An Open Letter About the Events in Texas:
The nation stands at the edge of a historic reversal. Hard won gains of the women’s rights movement of the 1960s and 1970s are about to be turned back with devastating results for women across the country. Abortion, already a barely accessible right for most women, is now being made extinct as conservative politicians attempt to press their advantage in certain states in opportunistic fashion.
But the problem we face is deeper. In Texas, the legislature has used every legal (and some illegal) trick in the book to make sure that the pro-choice majority is not heard. The current legislation under consideration represents some of the most draconian limits on abortion rights ever. And instead of allowing normal democratic procedures to resolve the issue, the legislature has relied on a rigged process to force the bill through. A few examples are worth mention: every procedural objection that was made to Wendy Davis’s historic filibuster; the refusal to hold state-wide hearings to allow affected communities to testify about the consequences of the legislation; the intentional misreporting of how many people testified in opposition to the legislation; the years of gerrymandering which make it nearly impossible for the legislature to reflect the real wishes of the population; the organizing of “special sessions” to push through legislation.
The current legislation is too important to allow these deficits in the democratic process to go unchallenged. The bills in Texas would close down the overwhelming majority of clinics which provide abortions and thereby eliminate all of the ancillary services those clinics also provide – STD testing, family planning, health care. That some of these clinics are also the only places where low-income, people of color, and LGBTQ individuals are able to get health services means that this legislation will disproportionately impact the most vulnerable members of society.
We believe that the legislative process is stacked against those of us who believe that abortion rights are a necessary part of a woman’s ability to control her own body and make decisions about her own health. As a result, it now becomes necessary to take action outside of the legislative process. We firmly believe that if we were to stand up and be counted, the pro-choice forces in this country will outnumber the forces of reaction. It is in this vein that we call on all people who believe in a woman’s right to choose to stand up and be counted.
We propose that marches and rallies be organized in every city in Texas on July 15th in order to show just how deep the pro-choice sentiment actually runs. In Austin, we will be rallying at 8 pm at the Texas Capitol. But as these attacks against choice are not limited to Texas, we invite all those who stand for choice to join us in a national day of solidarity on July 15th. We believe it is possible to win back our rights, but only if we take a stand in the way that people have been standing for their rights in Brazil, Egypt, and Greece: by understanding that popular protest has the ability to change what a narrow minority of people impose under the fiction of legality.
Tithi Bhattachrya, Associate Professor of History, Purdue University
Tiffani Bishop, GetEqual TX Central Texas Lead
Brian A. Bremen, Associate Professor of English, University of Texas at Austin
Susan Briante, MFA, PhD, Associate Professor, Creative Writing Program, University of Arizona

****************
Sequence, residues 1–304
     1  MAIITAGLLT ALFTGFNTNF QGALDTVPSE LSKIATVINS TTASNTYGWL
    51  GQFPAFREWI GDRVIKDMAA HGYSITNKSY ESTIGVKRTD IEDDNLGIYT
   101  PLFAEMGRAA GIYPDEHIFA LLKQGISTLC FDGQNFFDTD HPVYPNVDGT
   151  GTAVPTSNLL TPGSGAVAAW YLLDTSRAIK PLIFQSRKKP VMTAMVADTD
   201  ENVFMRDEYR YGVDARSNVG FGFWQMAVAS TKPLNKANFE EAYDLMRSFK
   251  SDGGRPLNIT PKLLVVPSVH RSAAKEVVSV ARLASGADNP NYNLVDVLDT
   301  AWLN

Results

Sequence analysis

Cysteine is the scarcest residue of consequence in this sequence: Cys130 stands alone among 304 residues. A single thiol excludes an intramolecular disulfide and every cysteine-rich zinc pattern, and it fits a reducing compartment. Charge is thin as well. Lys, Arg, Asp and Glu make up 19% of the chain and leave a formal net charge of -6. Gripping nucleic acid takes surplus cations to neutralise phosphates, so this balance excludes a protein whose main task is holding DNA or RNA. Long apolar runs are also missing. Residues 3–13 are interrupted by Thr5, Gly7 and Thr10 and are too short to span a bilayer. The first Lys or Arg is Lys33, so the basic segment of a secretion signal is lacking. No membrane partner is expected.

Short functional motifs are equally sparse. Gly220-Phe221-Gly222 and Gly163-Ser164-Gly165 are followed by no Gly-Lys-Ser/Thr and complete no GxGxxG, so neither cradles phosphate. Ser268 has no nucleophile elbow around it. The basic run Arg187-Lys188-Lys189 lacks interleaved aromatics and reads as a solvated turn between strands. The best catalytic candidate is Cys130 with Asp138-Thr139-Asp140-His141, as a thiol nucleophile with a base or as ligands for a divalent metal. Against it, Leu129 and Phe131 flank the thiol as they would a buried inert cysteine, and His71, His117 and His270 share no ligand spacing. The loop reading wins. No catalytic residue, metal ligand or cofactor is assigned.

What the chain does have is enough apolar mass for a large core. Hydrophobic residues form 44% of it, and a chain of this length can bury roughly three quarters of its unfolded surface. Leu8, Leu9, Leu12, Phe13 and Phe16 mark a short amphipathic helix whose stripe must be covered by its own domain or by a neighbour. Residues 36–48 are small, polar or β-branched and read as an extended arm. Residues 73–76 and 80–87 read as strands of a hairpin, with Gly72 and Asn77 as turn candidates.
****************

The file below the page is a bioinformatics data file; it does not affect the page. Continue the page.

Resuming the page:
Heather Busby, Executive Director, NARAL Pro-Choice Texas
Judith Butler, Maxine Elliot Professor of Rhetoric, University of California, Berkeley
Mia Carter, Associate Professor of English, University of Texas, Austin
Indrani Chatterjee, Associate Professor of History, University of Texas, Austin
Dana Cloud, associate professor of Communication, University of Texas, Austin
Bug Davidson, Director of Homoscope Film Festival
Anton Ford, Assistant Professor of Philosophy, University of Chicago
Montserrat Garibay, National Board Certified Teacher, Vice President for LULAC Council 4859, Austin,
Susan Sage Heinzelman, Associate Professor of Women’s & Gender Studies, University of Texas, Austin
Rosemary Hennessy, Director, Center for the Study of Women, Gender and Sexuality, Rice University
Jim Hightower, editor of The Hightower Lowdown, former TX Agriculture Commissioner
Heather Houser, Assistant Professor of English, University of Texas, Austin
Madeline Hsu, Associate Professor of History, University of Texas, Austin
Alison Jaggar, Professor of Distinction, Philosophy and Women and Gender Studies Research
Coordinator, University of Colorado at Boulder College
Katie Kane, Associate Professor of English, The University of Montana
Deepa Kumar, Associate Professor of Communication, Rutgers University
Holly Lewis, Assistant Professor of Philosophy, Texas State University
Bryan McCann, Assistant Professor of Communication Studies, Louisiana State University
A. Naomi Paik, Assistant Professor of American Studies, University of Texas, Austin
Sharmila Rudrappa, Associate Professor of Sociology, University of Texas, Austin
Cynthia Valadez-Mata, Jr. , League of United Latin American Citizens - District 7 Director
Snehal Shingavi, Assistant Professor of English, University of Texas, Austin
Lindsay Smith, Houston Feminist Movement
Kathleen Stewart, Professor and Chair of Anthropology, University of Texas
Susan Stryker, Director, Institute for LGBT Studies and Associate Professor, Gender and Women’s
Studies University of Arizona
Sherry Wolf, author, Sexuality and Socialism; editorial board, International Socialist Review.
Keeanga Yahmatta-Taylor, author of Rats, Riots and Revolution: Black Housing in the 1960s, Texas native
Lijun Yuan, Associate Professor of Philosophy, Texas State University, San Marcos
Dave Zirin, Sports Editor, The Nation Magazine
NARAL Pro-Choice Texas